Sunday, April 30, 2006

John Kenneth Galbraith (1908-2006)

A famous author; a coiner of phrases that have become common currency among educated Americans; a shaper of the way those educated Americans viewed society, including the economy, for at least a generation; in charge of setting prices throughout the United States during World War II; a major contributer to the United States Strategic Bombing Survey; an inspiration for Kennedy/Johnson anti-poverty schemes; an Ambassador to India; a president of the American Economic Association; a president of the American Academy of Arts and Letters; a Harvard professor with an endowed chair; a recipient of many honorary degrees - Galbraith overtowered almost any other economist in the United States in the last fifty years.

In directing his countrymen and women's attention to - or persuading them of - the coexistence of private affluence and public squalor, Galbraith attempted to both describe an aspect of the world and to improve matters. This coexistence has something to do with such distinctions as between goods tending to be invididually consumed and those collectively consumed, between those goods which are easily sold on markets and those which are not. Here is a well-known passage from Galbraith's pen:

"The family which takes its mauve and cerise, air-conditioned, power-steered, and power-braked automobile out for a tour passes through cities that are badly paved, made hideous by litter, blighted buildings, billboards, and posts for wires that should long since have been put underground. They pass on into a countryside that has been rendered largely invisible by commercial art. (The goods which the latter advertise have an absolute priority in our value system. Such aesthetic considerations as a view of the countryside accordingly come second. On such matters we are consistent.) They picnic on exquisitely packaged food from a portable icebox by a polluted stream and go on to spend the night at a park which is a menace to public health and morals. Just before dozing off on an air mattress, beneath a nylon tent, amid the stench of decaying refuse, they may reflect vaguely on the curious unevenness of their blessings. Is this, indeed, the American genius?" -- John Kenneth Galbraith (1958). The Affluent Society

This problem of social balance fits into a larger Galbraithian thesis. Galbraith argued that certain habits of thought were adapted to a period when goods were primary necessities, when the importance of production was in the output. Nowdays in, say, the United States, he argued, production is of importance more for providing employment, the income to purchase goods, feelings of self-worth of the producers, etc. When he propounded this thesis, and perhaps even today, conventional wisdom still reflects the former situation.

Galbraith's concept of the "Conventional wisdom" parallels, in some sense, Gramsci's concept of hegemony. Galbraith looked at whose needs economists serve:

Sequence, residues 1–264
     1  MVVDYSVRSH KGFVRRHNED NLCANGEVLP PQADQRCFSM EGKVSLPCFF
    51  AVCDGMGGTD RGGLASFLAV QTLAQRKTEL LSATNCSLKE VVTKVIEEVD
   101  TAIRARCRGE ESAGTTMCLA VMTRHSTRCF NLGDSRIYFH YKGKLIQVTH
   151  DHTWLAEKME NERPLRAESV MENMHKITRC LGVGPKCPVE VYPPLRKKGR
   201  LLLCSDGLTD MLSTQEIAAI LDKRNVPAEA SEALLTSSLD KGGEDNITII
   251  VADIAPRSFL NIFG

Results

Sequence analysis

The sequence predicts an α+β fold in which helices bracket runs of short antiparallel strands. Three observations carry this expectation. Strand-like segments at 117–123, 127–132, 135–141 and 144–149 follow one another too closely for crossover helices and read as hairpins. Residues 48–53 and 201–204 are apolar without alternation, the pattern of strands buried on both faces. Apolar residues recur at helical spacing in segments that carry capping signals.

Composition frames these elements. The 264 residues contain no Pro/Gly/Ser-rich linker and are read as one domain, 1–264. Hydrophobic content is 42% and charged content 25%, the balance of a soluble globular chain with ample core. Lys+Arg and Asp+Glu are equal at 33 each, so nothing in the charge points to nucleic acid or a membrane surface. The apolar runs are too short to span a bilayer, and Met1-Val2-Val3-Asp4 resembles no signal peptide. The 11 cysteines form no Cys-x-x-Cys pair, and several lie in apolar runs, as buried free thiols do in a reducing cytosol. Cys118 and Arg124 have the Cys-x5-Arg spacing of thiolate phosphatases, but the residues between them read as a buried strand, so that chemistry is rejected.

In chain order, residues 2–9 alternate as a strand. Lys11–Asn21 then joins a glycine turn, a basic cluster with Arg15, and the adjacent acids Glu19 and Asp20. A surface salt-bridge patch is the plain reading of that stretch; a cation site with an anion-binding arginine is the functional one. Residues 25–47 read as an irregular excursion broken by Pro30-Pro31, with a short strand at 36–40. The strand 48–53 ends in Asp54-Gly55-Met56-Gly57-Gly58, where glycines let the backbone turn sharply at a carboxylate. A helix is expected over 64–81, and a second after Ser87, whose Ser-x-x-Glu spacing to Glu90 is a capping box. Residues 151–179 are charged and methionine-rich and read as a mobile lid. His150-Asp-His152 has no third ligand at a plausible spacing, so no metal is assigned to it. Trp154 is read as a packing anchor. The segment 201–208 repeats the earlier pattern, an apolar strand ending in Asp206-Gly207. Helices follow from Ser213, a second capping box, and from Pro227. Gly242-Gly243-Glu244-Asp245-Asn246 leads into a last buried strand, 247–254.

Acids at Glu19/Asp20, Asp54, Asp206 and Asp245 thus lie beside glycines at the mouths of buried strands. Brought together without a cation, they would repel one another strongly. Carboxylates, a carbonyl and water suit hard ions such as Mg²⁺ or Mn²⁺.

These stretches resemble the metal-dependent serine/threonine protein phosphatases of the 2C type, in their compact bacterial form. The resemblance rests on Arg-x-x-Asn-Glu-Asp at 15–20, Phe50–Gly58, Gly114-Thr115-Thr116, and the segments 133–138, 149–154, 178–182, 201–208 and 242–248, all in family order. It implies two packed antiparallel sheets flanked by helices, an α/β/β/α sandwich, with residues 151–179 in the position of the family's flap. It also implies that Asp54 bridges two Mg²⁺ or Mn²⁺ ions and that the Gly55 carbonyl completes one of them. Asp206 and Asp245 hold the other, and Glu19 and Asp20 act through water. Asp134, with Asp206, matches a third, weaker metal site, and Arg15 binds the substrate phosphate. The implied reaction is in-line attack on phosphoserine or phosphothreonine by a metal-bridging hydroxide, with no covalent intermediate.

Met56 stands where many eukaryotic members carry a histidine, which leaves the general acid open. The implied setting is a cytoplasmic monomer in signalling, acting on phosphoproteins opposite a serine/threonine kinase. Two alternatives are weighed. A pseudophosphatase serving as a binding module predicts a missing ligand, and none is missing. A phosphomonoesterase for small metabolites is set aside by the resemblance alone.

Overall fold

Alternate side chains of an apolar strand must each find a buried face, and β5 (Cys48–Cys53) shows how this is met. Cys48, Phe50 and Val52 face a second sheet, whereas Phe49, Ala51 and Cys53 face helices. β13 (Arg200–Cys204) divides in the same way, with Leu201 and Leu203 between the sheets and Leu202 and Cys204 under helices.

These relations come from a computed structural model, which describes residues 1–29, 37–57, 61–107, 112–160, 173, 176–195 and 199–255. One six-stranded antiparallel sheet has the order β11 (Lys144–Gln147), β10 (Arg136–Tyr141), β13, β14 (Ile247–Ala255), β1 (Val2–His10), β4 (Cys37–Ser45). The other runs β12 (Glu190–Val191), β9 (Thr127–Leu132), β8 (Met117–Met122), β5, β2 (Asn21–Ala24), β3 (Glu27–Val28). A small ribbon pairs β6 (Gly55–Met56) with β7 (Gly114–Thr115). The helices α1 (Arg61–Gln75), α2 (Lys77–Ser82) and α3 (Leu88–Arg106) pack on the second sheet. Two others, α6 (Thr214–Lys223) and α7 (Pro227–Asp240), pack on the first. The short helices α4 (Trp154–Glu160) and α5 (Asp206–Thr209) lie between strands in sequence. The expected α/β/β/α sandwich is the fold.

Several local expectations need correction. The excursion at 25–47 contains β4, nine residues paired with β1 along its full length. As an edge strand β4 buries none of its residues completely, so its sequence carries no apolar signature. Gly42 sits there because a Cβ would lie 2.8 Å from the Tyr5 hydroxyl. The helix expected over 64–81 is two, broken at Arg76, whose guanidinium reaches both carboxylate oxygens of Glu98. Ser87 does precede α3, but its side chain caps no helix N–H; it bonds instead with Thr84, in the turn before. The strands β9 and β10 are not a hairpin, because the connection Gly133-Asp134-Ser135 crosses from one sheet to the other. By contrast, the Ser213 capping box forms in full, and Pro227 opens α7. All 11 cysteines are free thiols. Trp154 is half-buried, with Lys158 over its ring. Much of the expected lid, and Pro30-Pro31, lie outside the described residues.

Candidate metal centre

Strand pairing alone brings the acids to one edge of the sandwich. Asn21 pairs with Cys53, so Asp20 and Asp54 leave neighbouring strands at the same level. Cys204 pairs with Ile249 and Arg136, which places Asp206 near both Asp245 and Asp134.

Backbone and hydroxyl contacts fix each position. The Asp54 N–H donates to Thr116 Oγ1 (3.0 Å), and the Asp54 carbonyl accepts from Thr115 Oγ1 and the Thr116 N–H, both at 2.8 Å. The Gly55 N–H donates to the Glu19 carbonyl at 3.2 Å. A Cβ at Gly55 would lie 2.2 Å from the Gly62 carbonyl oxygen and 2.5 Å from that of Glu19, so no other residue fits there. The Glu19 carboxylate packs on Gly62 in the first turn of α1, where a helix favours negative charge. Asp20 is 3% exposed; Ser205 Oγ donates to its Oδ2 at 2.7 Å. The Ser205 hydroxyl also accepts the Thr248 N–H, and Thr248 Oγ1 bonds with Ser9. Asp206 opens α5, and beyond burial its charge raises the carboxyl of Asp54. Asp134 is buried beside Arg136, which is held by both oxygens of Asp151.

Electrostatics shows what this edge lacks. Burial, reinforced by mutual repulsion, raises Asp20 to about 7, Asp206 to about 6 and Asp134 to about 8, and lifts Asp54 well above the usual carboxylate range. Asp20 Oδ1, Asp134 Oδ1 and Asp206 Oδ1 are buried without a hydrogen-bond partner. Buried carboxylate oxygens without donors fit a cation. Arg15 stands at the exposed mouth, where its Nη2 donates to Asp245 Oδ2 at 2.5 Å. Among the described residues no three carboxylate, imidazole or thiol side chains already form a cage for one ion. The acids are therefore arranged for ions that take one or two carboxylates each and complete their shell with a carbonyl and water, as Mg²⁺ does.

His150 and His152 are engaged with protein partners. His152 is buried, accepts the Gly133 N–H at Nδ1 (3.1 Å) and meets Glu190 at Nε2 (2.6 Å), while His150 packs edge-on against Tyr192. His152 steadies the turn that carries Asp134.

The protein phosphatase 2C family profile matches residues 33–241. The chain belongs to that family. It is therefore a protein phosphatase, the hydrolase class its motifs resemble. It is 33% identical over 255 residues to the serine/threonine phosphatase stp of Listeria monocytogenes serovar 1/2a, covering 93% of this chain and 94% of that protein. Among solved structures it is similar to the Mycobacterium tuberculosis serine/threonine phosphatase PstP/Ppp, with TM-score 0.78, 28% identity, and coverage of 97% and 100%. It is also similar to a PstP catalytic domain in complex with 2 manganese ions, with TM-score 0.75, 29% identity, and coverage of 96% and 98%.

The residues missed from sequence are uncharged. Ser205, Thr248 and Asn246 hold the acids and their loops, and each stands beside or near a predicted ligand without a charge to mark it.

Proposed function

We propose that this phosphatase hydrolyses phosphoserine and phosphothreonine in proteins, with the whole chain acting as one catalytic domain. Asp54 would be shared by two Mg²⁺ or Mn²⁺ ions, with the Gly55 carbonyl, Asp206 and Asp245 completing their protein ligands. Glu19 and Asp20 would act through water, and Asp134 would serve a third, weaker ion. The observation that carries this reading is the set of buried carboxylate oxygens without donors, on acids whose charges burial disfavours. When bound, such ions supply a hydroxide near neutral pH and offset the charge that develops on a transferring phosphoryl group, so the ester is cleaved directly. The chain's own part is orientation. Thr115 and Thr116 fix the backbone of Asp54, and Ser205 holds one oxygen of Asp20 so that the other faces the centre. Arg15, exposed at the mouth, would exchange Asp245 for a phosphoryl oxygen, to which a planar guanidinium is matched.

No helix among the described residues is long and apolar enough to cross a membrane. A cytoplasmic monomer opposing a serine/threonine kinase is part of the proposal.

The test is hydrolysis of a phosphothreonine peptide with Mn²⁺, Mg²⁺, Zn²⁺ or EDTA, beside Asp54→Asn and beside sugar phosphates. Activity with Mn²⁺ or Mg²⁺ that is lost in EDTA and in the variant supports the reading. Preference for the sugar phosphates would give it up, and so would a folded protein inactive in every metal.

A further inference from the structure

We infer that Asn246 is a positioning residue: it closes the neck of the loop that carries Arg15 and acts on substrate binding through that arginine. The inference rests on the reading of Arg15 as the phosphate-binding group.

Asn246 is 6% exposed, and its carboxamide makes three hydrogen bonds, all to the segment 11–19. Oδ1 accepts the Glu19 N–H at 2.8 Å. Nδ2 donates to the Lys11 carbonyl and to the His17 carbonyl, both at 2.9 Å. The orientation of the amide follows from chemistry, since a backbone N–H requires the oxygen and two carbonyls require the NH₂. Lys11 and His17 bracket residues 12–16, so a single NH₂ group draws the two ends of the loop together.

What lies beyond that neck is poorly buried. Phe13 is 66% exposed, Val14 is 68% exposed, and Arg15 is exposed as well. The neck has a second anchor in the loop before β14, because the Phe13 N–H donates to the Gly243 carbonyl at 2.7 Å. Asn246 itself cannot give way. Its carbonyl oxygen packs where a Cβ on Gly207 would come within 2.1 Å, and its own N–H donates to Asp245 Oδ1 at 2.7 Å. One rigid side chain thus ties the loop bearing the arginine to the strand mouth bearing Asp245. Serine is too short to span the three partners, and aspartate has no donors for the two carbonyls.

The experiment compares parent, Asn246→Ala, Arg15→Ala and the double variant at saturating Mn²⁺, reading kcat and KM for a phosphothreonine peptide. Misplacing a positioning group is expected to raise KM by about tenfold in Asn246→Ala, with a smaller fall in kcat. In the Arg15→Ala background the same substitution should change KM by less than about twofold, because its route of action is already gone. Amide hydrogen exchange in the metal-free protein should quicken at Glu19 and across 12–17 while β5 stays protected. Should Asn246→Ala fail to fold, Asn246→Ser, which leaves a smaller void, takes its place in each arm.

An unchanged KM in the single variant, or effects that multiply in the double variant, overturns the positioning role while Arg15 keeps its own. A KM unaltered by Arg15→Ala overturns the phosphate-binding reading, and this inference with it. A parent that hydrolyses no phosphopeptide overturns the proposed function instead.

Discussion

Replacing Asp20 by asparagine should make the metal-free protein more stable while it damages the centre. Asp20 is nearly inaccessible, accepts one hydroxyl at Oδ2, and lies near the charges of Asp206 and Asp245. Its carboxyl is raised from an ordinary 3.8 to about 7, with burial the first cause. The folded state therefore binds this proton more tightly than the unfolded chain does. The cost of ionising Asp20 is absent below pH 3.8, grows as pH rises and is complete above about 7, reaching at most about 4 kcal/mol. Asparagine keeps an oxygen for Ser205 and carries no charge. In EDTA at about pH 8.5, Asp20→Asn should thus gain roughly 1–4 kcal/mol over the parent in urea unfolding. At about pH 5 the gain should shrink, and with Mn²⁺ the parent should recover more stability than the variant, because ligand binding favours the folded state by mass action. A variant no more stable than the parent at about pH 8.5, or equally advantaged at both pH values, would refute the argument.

"The most commonplace features of neo-classical and neo-Keynesian economics are the assumptions by which power, and therewith political content, is removed from the subject. The business firm is subordinate to the instruction of the market and, thereby, to the individual or household. The state is subordinate to the instruction of the citizen...

The decisive weakness in neoclassical and neo-Keynesian economics is not the error in the assumptions by which it elides the problem of power. The capacity for erroneous belief is very great, especially where it coincides with convenience. Rather, in eliding power - in making economics a nonpolitical subject - neoclassical theory by the same process destroys its relation with the real world...In consequence neoclassical and neo-Keynesian economics is relegating its players to the social sidelines where they either call no plays or urge the wrong ones...

This is what economics now does. It tells the young and susceptible and the old and vulnerable that economic life has no content of power and politics...Such an economics is not neutral. It is the influential and invaluable ally of those whose exercise of power depends on an acquiescent public. If the state is the executive committee of the great corporation and the planning system, it is partly because neoclassical economics is its instrument for neutralizing the suspicion that this is so. I have spoken of the emancipation of the state from economic interest. For the economist there can be no doubt as to where this task begins. It is with the emancipation of economic belief." -- J. K. Galbraith (1973). "Power and the Useful Economist", American Economic Review. V. LXIII, 1, (March).

In studying corporate power, Galbraith built on the work of a diverse set of economists, including Gardiner and Means, Michel Kalecki, John Maynard Keynes, Robin Marris, Edith Penrose, and Thorstein Veblen. One can see in Galbraith theories of dual markets and administered prices, theories that correspond to the realities of modern industrial economies.

Some of Galbraith's work, like Veblen's, is important to Feminist Economics.

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